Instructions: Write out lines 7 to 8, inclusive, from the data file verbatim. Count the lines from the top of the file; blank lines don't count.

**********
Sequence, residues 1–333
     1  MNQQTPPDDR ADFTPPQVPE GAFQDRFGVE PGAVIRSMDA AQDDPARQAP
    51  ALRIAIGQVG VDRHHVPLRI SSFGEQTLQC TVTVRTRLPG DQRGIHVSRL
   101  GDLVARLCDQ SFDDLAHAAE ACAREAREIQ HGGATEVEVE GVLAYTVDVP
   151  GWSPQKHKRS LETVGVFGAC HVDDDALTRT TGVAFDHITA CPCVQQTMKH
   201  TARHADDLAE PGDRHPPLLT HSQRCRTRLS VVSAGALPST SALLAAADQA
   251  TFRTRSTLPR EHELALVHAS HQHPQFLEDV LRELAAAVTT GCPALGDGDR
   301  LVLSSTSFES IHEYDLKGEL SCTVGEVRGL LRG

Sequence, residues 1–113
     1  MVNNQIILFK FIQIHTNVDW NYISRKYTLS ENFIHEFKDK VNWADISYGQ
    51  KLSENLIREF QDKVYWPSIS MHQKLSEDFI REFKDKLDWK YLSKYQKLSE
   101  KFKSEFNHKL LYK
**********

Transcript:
   251  TFRTRSTLPR EHELALVHAS HQHPQFLEDV LRELAAAVTT GCPALGDGDR
   301  LVLSSTSFES IHEYDLKGEL SCTVGEVRGL LRG